It was not David Unruh first time in front of the South Dakota Board of Pardons and Paroles on May 16. According to Board member Jack Hieb, the 52-year-old man was arrested more than ten years ago for burglary. Later on, he was paroled, but arrested again for sexually abusing a 13-year-old girl. The South Dakota Sex Offender registry reveals he was also convicted of sexual contact with a six-year-old girl. He has five years left of his prison sentence.
"Our first job, and I think I can speak for every member of the board, is to protect society. If we believe that person poses a substantial risk in a way that will harm somebody, then we're not going to parole them," Hieb said.
The Board once again denied Unruh's petition. The nine members often see repeat offenders, like Unruh who have previously been paroled, but are sent back to prison after violating the conditions. The group meets every month and holds hearings all over the state. Not all criminals are called before the Board. Hieb says last year, 80 percent of compliant inmates were automatically paroled.
"Meaning they never saw the board. They simply went out via that legislative mandate, pursuant to the grid," Hieb said.
Every year, thousands of criminals are prosecuted in South Dakota, and end up in prison. Depending on the crime, many of them do not serve their full sentences behind bars and are paroled out.
The grid is a spreadsheet which uses a formula to figure out when a criminal is eligible for parole based on the type of crime committed and the length of the sentence. 35-year-old Kristine Baker is one example. She was sentenced to ten years in prison in 2008 for meth possession. 13 months later, she was let out on parole. The type of crime she committed, her offense, and her sentence length was the formula to determine 13 months as the date she was eligible for parole.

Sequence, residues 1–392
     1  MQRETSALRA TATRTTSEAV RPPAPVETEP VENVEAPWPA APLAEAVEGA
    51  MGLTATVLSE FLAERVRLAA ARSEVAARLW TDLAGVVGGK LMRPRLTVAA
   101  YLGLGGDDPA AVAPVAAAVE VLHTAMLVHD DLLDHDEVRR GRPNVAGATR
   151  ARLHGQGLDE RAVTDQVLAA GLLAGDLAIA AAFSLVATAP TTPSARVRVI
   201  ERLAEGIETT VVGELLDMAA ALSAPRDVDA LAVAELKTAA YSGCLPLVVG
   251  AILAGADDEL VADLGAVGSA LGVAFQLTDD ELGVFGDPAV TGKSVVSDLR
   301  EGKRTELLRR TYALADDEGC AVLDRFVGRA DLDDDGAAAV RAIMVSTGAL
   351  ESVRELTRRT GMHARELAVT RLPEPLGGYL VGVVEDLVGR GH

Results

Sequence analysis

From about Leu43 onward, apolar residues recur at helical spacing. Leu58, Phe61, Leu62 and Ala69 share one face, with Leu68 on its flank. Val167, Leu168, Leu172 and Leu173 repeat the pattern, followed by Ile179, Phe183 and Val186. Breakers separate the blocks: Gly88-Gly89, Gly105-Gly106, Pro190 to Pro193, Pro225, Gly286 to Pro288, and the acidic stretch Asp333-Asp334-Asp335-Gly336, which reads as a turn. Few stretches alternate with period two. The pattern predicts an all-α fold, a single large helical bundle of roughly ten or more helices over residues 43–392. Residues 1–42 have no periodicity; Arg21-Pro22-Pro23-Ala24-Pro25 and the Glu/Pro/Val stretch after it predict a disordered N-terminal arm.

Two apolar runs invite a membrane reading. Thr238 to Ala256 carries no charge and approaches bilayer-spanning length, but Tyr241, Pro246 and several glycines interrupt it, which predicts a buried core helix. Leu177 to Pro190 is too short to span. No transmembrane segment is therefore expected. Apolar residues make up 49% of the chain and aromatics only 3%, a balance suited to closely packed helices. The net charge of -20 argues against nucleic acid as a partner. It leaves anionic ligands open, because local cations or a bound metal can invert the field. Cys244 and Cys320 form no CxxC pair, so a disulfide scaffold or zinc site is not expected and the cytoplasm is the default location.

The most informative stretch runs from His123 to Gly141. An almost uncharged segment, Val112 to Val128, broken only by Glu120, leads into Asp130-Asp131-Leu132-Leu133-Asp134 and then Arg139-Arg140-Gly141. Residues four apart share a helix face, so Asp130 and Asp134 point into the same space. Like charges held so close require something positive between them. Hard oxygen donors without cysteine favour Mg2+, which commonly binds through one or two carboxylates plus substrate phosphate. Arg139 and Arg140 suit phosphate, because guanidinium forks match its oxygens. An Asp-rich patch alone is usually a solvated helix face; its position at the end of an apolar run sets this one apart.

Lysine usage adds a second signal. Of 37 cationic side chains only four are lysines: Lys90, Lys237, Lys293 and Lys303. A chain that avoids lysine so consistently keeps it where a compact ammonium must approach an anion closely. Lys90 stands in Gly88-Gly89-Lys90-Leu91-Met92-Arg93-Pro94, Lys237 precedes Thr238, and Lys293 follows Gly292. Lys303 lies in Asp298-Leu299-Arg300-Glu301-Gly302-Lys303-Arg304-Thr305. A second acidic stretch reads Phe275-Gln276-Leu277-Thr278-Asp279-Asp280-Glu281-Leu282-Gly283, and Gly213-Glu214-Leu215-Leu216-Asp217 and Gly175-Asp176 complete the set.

Minnehaha County State's Attorney Aaron McGowan recalls Kathy Gourley and her case from 2009.
"She received the maximum for a class three felony, which is 15 years in the women's penitentiary. It was a first offense and a class three felony. Her first parole eligibility date would be four years and six months and that was an embezzlement case of $640,000!" McGowan said.
McGowan says it is an example that pre-determined release dates may not always fit the crime.
"As a citizen, as a taxpayer, as a prosecutor in Minnehaha County, that's frustrating to me. I don't think that's enough time for that," McGowan said.
The grid that pre-determines parole dates is not for criminals serving life sentences, those who have committed violent crimes, or repeat offenders like Unruh. It is used instead only for the men and women who are behind bars for crimes like substance abuse, burglary, or other non-violent crimes.
Brady: Should some of these people get second chances?
"I think they have to. I think we have to. There's a couple of reasons for it. We can't afford to keep them all. If we were just going to lock them up and throw away the key, we'd bankrupt the state," Hieb said.
The other reason for paroling certain criminals may surprise you. Hieb said parole is a way for officials to supervise offenders, and transition them back into society.
"We're a lot more apt to get to somebody who has intent to re-offend if we've got a parole officer supervising that individual than if we let them flat that number, in other words, let them reach the end of that sentence and say, ok, you're free to go," Hieb said.
McGowan said parole is not a get out of jail free card, because criminals are closely monitored for whatever time is left on their prison sentence. And that, he adds, may satisfy even the criminal's victims.
"Any chance we have to make a victim whole, as long as we have somebody on paper and can collect restitution and hold that hammer over their head that they will serve additional time if they don't comply with the courts directives and orders," McGowan said.